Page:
Four of the United States and the District of Columbia are in violation of a United Nations drug policy. This week, executive director of the United Nations Office on Drugs and Crime, Yury Fedotov, publicly scolded the United States for this offense. The Uruguayan government was scolded earlier this year when they became the first country to violate the treaty by legalizing cannabis throughout the entire country.
In 1961, seventy-three countries, including Uruguay and the United States under the Kennedy administration, agreed upon and signed an international drug treaty . The Single Convention on Narcotic Drugs prohibits recreational cultivation, use and sale of certain drugs, like marijuana. It is not in violation of the convention if marijuana is cultivated, used or sold only for medical treatment and research. This means that legalizing cannabis for recreational use in four states and the District of Columbia is in violation of this fifty-three-year old treaty.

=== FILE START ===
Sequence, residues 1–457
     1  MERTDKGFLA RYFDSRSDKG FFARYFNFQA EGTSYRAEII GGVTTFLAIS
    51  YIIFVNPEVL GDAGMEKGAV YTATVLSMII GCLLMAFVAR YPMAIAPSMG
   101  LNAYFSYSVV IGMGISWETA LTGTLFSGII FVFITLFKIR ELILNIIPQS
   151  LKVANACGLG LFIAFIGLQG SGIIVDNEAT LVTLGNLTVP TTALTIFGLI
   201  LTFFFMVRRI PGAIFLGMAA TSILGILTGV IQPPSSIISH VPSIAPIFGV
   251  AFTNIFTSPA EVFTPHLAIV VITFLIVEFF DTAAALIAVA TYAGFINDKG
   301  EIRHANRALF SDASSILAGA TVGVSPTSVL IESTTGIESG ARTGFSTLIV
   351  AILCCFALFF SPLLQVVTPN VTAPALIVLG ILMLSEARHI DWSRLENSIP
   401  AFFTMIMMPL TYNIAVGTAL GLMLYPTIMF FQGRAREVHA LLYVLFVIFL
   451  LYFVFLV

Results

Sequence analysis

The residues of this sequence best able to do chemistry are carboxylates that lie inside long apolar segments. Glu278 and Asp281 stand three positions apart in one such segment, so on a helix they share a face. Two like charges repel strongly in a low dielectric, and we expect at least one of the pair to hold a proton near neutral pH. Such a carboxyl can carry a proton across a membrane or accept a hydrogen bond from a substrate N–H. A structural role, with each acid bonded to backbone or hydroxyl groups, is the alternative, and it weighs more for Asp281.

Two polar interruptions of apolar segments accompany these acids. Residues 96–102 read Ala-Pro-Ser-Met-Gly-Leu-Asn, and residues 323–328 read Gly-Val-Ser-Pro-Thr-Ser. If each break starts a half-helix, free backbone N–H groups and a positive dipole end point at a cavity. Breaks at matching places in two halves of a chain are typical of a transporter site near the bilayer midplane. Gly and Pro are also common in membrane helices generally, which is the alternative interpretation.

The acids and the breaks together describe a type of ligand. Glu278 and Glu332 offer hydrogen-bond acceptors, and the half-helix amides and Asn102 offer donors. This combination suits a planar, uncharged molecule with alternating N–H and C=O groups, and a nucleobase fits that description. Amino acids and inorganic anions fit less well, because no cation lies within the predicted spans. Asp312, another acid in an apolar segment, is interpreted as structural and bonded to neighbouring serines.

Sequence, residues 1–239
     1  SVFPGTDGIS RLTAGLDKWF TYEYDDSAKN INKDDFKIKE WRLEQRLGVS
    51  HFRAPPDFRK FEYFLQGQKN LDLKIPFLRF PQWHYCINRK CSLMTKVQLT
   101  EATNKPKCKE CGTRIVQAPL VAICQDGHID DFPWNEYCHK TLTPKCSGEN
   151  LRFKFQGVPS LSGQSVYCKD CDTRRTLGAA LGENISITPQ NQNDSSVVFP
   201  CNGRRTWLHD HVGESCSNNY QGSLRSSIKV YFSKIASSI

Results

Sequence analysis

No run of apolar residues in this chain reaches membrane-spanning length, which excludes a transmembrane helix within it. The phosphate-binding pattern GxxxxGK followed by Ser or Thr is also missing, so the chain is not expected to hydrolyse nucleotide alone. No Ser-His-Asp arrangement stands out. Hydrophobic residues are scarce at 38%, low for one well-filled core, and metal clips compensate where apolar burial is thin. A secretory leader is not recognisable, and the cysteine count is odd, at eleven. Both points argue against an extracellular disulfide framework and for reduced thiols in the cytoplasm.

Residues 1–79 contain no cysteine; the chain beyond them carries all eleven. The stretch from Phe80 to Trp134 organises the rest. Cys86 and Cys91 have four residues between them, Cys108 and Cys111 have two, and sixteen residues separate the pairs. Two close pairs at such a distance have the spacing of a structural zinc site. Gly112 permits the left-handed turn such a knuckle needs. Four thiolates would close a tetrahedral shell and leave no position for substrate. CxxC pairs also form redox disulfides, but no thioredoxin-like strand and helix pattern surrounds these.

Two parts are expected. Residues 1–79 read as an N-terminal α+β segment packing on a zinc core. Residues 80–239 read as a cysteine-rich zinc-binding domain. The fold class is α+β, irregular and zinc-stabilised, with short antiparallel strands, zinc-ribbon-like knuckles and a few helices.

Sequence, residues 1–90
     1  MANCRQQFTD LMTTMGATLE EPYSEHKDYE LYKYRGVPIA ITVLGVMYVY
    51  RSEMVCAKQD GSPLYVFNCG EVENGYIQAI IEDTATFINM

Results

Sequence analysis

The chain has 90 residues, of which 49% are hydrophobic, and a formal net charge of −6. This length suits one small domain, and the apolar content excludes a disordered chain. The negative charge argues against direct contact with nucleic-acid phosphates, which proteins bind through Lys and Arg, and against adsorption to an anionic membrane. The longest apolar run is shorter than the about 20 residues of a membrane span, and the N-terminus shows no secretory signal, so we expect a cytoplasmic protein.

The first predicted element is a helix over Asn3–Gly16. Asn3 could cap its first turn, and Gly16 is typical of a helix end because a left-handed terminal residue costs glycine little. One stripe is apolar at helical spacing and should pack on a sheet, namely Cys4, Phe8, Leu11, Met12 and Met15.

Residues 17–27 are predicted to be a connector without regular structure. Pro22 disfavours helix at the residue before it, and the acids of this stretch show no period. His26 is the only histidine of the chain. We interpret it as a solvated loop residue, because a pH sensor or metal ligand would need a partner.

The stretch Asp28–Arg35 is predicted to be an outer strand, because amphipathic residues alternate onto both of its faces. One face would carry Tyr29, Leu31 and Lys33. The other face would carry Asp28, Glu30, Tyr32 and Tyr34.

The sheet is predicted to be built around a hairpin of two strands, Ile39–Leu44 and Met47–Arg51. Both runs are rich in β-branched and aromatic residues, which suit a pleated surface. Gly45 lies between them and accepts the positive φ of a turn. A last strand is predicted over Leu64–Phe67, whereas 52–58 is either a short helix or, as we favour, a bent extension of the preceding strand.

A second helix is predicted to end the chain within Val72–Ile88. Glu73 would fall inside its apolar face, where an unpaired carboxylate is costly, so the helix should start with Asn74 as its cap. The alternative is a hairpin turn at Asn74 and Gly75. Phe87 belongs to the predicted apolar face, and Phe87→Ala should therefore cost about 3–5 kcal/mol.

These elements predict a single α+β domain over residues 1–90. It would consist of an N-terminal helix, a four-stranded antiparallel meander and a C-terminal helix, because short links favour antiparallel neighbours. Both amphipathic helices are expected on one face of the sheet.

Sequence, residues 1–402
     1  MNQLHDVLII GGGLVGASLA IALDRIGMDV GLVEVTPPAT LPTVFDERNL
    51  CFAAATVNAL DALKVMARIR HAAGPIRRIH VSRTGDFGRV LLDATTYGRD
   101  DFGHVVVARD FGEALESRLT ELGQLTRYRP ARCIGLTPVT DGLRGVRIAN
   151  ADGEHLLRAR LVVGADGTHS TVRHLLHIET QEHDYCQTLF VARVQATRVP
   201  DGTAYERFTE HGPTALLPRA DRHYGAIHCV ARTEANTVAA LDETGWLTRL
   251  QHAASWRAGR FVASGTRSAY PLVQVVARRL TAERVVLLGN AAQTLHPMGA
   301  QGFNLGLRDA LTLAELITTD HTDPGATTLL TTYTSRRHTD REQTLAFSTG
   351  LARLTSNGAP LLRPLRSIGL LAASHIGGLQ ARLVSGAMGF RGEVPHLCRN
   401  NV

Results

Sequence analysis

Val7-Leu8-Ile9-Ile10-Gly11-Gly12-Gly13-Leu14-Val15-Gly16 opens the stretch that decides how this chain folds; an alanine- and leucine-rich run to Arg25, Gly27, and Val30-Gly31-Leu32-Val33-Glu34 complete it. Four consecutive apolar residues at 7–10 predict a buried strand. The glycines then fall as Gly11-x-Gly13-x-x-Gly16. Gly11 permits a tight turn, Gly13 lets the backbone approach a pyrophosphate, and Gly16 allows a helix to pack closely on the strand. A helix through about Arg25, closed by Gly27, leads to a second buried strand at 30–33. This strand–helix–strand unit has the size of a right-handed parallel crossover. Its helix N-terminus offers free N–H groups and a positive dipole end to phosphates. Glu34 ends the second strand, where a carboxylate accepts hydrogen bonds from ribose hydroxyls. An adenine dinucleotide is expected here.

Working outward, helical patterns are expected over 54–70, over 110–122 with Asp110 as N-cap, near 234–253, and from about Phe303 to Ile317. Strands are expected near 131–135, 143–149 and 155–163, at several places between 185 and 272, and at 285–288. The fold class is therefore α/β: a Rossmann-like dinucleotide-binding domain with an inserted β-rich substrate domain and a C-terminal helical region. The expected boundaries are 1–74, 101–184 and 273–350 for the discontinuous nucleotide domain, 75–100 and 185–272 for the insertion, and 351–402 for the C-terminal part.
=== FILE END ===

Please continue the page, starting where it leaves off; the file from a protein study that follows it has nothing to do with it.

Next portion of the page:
Fedotov told Reuters that this will be an important topic with the U.S. State Department and other United Nations agencies in Washington, next week, and explained,
“I don’t see how (the new laws) can be compatible with existing conventions.”
The states where voters legalized recreational marijuana are already violating their own nation’s federal law, so why not a United Nations treaty? This treaty is more than fifty years old, and much has been learned since the days of yore, when it was negotiated. Perhaps this will be a good jumping off point to reform the marijuana policies of the United Nations to better suite the views of the changing world.
photo credit: Carlos Gracia